YouKn0wWho's blog

By YouKn0wWho, 3 years ago, In English

Greetings good people of Codeforces. I hope you're having a great week.

We are hosting a contest based on the problems of SUST Intra University Programming Contest 2019. The contest platform is Toph. It was originally hosted on SUST's online judge SourceCode.

The contest will be held on Friday, December 20, 2019 at 15:00 UTC+06.

You will be given 12 problems in total and 5 hours to solve them. The contest will follow standard ICPC rules.

The problem setters of the contest are ovis96, YouKn0wWho, foyaz05, avivilla, FrozenBlood, mk_Shahriar and Jubair_2147483647.

To participate all you have to do is to create an account on Toph. You can register here. The contest link is here: smash me.

We tried to create very engaging problems, compact statements and robust datasets for this round. We hope that EVERYONE will find the problems stimulating and interesting. You can also participate as a team.

Note to anyone who participated in the onsite contest, please refrain from sharing or discussing the problems here before the contest.

Also, there will be an interactive problem. If you don't know about interactive problems, please refer to this article.

Good Luck! See you on the leaderboard!

UPD: BUMP! 1 hour to go, buckle up!

UPD: Editorials

 
 
 
 
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3 years ago, # |
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What is wrong with this approach for the interactive problem ?:

  • If xor of all elems(x) = 0, output -1.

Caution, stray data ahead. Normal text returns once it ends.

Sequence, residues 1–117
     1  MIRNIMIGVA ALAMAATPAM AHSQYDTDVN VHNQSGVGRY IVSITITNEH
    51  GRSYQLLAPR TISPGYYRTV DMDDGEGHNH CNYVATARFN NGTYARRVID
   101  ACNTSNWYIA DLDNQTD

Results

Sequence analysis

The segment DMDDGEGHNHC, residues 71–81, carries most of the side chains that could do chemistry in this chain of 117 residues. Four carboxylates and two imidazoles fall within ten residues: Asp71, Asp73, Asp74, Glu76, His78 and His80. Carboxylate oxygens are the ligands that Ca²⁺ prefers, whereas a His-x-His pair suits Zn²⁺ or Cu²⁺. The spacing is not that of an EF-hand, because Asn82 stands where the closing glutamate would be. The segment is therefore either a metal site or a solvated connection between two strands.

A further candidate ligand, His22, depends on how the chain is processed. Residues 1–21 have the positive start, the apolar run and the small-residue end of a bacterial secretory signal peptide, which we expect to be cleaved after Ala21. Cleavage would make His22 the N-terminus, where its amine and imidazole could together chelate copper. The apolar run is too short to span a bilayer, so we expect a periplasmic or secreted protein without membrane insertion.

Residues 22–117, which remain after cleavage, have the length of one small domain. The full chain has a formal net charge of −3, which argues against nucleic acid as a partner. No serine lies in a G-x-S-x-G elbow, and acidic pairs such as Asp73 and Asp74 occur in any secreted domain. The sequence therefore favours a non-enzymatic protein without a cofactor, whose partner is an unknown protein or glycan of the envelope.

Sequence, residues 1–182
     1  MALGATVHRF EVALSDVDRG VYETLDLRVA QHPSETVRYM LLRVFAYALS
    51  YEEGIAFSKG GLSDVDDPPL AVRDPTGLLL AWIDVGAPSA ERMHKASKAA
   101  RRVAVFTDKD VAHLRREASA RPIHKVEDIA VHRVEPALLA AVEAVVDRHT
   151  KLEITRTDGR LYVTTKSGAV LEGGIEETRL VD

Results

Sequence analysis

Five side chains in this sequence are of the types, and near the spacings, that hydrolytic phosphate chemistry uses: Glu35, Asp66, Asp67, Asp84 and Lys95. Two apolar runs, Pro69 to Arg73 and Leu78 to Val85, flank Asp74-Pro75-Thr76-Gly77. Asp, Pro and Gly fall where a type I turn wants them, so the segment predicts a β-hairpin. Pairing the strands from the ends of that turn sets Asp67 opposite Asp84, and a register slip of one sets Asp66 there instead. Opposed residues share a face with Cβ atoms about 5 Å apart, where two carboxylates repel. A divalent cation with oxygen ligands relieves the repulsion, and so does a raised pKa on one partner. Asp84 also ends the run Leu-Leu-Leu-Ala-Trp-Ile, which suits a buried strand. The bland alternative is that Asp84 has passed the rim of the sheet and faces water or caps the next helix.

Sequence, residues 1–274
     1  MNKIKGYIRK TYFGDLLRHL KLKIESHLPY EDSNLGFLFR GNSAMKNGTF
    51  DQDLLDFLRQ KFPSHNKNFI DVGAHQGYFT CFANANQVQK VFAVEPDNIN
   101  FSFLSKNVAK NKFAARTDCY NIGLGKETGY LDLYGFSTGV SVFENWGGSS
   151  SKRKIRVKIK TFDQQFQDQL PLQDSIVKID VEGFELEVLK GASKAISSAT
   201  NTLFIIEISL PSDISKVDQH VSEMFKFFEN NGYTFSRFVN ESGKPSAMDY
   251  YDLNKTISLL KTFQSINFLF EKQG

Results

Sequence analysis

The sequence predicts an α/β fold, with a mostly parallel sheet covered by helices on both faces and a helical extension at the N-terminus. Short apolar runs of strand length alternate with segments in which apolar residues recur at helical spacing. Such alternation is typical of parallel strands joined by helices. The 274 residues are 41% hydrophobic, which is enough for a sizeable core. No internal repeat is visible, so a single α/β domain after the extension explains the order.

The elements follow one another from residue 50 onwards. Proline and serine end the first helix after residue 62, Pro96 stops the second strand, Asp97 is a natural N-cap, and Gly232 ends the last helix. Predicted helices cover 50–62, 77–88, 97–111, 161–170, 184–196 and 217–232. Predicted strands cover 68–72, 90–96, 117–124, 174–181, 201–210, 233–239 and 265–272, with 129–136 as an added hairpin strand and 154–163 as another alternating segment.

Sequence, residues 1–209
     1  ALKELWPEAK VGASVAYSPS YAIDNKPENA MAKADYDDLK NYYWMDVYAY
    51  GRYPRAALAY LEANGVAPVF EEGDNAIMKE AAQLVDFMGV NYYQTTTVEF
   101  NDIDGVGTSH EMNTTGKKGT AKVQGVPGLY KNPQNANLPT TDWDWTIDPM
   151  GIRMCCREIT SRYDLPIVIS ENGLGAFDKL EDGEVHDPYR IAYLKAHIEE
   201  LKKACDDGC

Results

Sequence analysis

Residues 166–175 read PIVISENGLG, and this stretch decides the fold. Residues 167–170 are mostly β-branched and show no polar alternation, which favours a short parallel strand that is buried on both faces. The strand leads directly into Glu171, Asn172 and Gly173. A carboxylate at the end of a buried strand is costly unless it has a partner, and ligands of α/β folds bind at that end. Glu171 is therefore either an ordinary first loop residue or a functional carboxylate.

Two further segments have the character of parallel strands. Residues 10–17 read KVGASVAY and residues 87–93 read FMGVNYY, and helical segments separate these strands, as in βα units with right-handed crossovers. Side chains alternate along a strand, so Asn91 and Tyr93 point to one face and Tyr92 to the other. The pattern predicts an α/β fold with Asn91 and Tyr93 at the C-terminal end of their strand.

• Otherwise, consider the largest bit set in x, and using OR queries and binary search find the first element that has this bit set. Let's call it i. If i = n, output -1, otherwise output i.

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    3 years ago, # ^ |
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    Logic seems right,may be a bug in implementation

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    3 years ago, # ^ |
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    I looked at your code. Your logic is absolutely right. But notice that before asking any query your code prints "!". So ultimately your code is getting 'wrong answer'. And also the right format of printing the final answer is "!"+single space+final answer.

    Update: As I presumed, now your code gets AC!

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      3 years ago, # ^ |
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      where can i submit solution for practice :)

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      3 years ago, # ^ |
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      Thanks, but it was giving correct output on my Laptop. I should have realized that the cout statement may also execute this way. :(

      I removed the space later because I was not able to find out what was the mistake with my earlier submissions. Thanks again.

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3 years ago, # |
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How to solve I ?

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3 years ago, # |